Nobody should be arrested for possessing cannabis, yet so many people are every hour. The fear that runs through someone’s heart when they are in that kind of situation should not be tolerated by anybody, yet some people believe that it is good to punish people for this. Do you believe you should be arrested, thrown in to a police car, and drained of thousands of dollars for drinking alcohol or smoking a cigarette, both of which are literally infinitely more dangerous than cannabis? If not, then why should one think that lives should be ruined for this?

It is an ironic fact that cannabis is illegal because it is said to be “dangerous”, but taken in the proper quantities, it is the complete opposite. Studies show that people who smoke moderate amounts of cannabis live longer (two years longer!) and are protected from neurological and cardiovascular diseases, to some extent. Therefore, the government making cannabis illegal is taking away YOUR right to life!

One clue to the effectiveness of cannabis is the simple fact that people derive great relief from just smoking it. Isn’t it amazing that smoking something is more effective to people than actual prescription medications? And the kicker is that cannabis reaches only a small fraction of its potential when smoked; the true power lies in extracts.

The best way to use cannabis medicinally is to extract the resins and concentrate them, forming a substance known as hemp oil. An ideal and easy extraction process was developed by a man named Rick Simpson, who also used his product on hundreds of people with amazing success, even curing many cases of terminal cancer.

As if curing cancer was not good enough, the industrial applications of hemp are incredible. Hemp can be used as an alternative fuel, a perfectly balanced staple food, and a replacement for virtually all petroleum and tree products. However, because industrial hemp is illegal in the United States, none of us can enjoy these benefits.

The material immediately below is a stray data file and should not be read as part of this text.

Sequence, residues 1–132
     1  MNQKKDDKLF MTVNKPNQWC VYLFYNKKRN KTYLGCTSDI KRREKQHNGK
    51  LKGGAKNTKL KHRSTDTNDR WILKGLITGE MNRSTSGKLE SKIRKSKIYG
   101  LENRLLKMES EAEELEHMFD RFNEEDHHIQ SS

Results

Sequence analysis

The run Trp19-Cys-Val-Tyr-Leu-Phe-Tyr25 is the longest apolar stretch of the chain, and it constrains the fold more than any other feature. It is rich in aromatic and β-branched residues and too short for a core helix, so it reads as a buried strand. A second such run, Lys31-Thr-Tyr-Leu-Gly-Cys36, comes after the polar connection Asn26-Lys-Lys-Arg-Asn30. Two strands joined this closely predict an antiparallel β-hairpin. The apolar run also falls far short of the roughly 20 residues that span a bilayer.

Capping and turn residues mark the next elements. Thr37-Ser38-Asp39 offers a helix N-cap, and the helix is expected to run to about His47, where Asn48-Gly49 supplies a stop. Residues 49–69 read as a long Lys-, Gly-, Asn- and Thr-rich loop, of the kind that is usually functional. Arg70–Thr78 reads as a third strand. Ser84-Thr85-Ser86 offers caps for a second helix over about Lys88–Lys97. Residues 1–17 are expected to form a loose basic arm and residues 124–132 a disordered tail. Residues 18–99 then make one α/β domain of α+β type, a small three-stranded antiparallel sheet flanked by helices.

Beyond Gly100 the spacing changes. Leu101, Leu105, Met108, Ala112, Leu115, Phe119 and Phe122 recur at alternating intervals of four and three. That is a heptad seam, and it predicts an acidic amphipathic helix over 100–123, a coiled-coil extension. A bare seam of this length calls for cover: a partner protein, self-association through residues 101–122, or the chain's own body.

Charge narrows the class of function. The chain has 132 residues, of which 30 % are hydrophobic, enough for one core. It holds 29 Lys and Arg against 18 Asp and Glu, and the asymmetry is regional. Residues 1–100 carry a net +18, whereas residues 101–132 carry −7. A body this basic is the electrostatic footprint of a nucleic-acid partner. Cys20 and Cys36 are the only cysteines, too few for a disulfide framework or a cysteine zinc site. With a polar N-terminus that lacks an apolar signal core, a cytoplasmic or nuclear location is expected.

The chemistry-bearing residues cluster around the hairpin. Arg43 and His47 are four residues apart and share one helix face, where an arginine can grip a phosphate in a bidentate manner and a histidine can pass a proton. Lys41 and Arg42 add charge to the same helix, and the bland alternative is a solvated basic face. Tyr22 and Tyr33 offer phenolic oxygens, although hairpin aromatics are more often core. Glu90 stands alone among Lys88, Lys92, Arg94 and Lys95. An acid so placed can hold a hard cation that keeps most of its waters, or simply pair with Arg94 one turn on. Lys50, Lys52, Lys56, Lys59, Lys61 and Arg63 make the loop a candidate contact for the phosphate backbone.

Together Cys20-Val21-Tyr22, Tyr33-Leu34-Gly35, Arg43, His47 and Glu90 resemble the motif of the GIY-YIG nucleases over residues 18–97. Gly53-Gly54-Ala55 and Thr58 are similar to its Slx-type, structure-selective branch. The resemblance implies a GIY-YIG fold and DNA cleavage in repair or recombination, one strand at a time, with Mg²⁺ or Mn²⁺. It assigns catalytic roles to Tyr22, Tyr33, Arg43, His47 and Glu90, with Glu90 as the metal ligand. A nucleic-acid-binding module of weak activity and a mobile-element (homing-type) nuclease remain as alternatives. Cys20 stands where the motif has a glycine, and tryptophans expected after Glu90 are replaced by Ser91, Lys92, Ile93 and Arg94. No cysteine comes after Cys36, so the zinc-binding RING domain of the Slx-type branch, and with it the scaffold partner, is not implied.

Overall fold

Because we are limited by our own perspectives, nobody will ever know just how much suffering was caused by cannabis being illegal. The damage to recreational smokers is terrible but is nothing compared to those who have suffered from diseases that could have been cured or prevented through hemp oil.

Want to know what you can do to help? The best thing is to educate yourself and others about the truth of cannabis, and write to your local lawmakers about the full truth. If all the lawmakers are informed about cannabis’ true properties, they will have no choice but to take notice! By Suzaku Kururugi. Source.

Please also see:
Cannabis Cancer Treatment Successes Being Ignored. Why?
Cannabis May Help Fight Prostate Cancer says British Journal of Cancer
If Pot Prevented Cancer You Would Have Read About it, Right?
Melissa Etheridge: Medical marijuana should be legal

August 6, 2009 – Quick: What single plant can you use to build, insulate, and heat a house; help build and run cars; turn into the finest textiles; use to make tortillas, cheese, veggie burgers, perfumes, skin creams, and suntan lotions – and also to get stoned?feat_2